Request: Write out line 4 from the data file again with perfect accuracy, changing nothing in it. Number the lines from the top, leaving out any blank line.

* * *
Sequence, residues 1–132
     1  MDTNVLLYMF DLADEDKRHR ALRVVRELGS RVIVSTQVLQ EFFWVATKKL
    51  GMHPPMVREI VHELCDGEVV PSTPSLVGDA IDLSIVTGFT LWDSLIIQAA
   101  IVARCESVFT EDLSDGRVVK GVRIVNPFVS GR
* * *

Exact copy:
   101  IVARCESVFT EDLSDGRVVK GVRIVNPFVS GR